The other component used in making helically crimped filaments is an elastomeric polyurethane melt extrudable at a temperature of about 205-240 C. In combination with the polyamide conjugate melt, some polyurethanes not extrudable practically as a homofilament can be spun as a conjugate filament. Filaments extruded at temperatures below 200 C. usually have unsatisfactory physical properties, however, and stick to one another excessively so that the filaments cannot be unwound from bobbins at commercial speeds without excessive tension variations and filament breakage.

A major problem in spinning polyurethane homofilaments is the persistent tackiness of the freshly extruded filaments, surface solidification proceeding at a slow rate. A similar difficulty arises in spinning conjugate filaments with a polyurethane component. It has been found, however, that processing is highly practicable, provided the polymer contains a polyurethane segment melting higher than about 200 C. and below about 235 C., these melting points being measured by differential thermal analysis. These conjugate filaments solidify within a few feet of the spinneret and, with the application of common yarn finish solutions and emulsions, may be wound on bobbins and be processed further.

Either polyester-urethanes or polyether-urethanes are suitable. The polyether or polyester component must have an average molecular weight in the range of 800-3000 if excessive tackiness is to be avoided in the conjugate filaments; preferably the molecular weight of the polyether is limited to a range of 800-2500. Polyester-urethanes are usually preferred, being compatible with a wider range of hard fibers and processing conditions while providing excellent yarn properties.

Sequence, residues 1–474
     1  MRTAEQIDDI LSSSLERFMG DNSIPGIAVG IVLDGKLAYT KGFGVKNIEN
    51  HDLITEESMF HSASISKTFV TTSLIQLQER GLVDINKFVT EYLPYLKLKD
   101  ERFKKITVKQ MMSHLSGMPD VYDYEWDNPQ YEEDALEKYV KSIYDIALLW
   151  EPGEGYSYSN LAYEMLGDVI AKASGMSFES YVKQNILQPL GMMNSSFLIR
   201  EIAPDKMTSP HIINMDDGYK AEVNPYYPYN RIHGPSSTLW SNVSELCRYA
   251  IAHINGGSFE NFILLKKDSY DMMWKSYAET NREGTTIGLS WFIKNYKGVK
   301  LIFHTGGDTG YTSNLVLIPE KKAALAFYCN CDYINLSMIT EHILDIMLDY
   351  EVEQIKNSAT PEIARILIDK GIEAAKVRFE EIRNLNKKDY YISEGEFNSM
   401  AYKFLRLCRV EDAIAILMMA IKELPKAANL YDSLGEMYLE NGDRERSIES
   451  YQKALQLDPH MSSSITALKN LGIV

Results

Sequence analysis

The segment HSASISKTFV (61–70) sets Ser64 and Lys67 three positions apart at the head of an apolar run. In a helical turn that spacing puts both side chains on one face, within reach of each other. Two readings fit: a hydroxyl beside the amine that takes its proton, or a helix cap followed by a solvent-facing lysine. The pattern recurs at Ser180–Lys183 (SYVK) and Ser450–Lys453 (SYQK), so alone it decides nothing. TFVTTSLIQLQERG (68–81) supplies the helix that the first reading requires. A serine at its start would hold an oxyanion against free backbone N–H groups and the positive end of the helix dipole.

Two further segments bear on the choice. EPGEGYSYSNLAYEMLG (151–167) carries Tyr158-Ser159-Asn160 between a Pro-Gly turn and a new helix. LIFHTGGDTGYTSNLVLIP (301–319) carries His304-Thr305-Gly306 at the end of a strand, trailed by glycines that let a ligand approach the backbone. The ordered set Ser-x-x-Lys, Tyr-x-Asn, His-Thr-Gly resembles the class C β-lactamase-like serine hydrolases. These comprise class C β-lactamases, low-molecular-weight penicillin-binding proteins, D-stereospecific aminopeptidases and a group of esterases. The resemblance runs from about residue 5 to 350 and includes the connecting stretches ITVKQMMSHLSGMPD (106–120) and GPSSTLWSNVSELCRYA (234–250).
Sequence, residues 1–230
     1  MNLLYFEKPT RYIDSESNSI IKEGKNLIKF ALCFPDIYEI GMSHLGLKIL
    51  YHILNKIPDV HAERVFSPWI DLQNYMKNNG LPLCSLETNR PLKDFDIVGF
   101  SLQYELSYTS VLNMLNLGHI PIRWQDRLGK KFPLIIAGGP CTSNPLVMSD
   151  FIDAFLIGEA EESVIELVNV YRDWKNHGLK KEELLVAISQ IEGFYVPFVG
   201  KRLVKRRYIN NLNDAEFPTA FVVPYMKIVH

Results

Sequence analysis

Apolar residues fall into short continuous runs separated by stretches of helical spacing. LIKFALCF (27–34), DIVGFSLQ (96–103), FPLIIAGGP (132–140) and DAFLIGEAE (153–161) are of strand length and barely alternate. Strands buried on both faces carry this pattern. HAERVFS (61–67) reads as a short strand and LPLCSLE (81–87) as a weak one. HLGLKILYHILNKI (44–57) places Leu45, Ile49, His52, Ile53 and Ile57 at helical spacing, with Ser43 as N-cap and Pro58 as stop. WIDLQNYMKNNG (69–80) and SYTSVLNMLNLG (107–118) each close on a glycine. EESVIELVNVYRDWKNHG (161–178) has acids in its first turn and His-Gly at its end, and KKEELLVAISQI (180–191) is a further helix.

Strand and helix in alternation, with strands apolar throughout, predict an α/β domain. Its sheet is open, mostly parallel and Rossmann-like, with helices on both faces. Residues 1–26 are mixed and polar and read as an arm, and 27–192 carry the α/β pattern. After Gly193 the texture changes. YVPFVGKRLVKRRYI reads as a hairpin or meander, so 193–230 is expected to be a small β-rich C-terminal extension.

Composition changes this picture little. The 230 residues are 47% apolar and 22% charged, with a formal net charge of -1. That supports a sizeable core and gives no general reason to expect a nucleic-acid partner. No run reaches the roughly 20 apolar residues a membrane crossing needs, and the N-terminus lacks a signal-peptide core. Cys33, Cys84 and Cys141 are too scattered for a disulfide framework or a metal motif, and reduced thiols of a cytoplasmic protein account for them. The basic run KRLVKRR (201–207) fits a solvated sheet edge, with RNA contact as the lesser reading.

Because minor variations in chemical structure and physical characteristics are difficult to determine adequately in general, the polyurethanes useful according to the invention are most conveniently described in terms of the chemical reactants used to prepare the polyurethane. Broadly, the polyurethanes are made by reacting together (1) a hydroxy-terminated polyester, or a polyether having an average molecular weight in the range 800-3000; (2) a diisocyanate, and (3) a glycol chain-extending agent.

Suitable polyesters have a molecular weight in the range of about 1000-3000 and are obtained by the normal condensation reaction of a dicarboxylic acid with a glycol or from a polymerizable lactone. Preferred polyesters are derived from adipic acid, glutaric and sebacic acid which are condensed with a moderate excess of such glycols as ethylene glycol; 1,4-butylene glycol; propylene glycols; diethylene glycol; dipropylene glycol; 2,3-butanediol; 1,3-butanediol; 2,5-hexanediol; 1,3-dihydroxy-2,2.4-trimethylpentane; mixtures thereof; etc. Useful polyesters may also be prepared by the reaction of caprolactone witha initiator such as glycol, preferably with the molecular weight of the product polyester being restricted to the range 1500-2000. Included among suitable polyethers having molecular weights in the range of 800-3000 are poly (oxyethylene) glycol; polyoxypropylene glycol; poly (1,4-oxyybutylene) glycol; poly(oxypropylene)-poly(oxyethylene) glycols; etc.